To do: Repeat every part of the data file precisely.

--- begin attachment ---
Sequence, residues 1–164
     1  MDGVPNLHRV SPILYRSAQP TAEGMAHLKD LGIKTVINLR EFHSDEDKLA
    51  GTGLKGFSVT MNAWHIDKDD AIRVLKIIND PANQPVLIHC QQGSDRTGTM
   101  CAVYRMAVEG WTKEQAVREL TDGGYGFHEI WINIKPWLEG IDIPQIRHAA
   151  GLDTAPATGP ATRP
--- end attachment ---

Sequence, residues 1–164
     1  MDGVPNLHRV SPILYRSAQP TAEGMAHLKD LGIKTVINLR EFHSDEDKLA
    51  GTGLKGFSVT MNAWHIDKDD AIRVLKIIND PANQPVLIHC QQGSDRTGTM
   101  CAVYRMAVEG WTKEQAVREL TDGGYGFHEI WINIKPWLEG IDIPQIRHAA
   151  GLDTAPATGP ATRP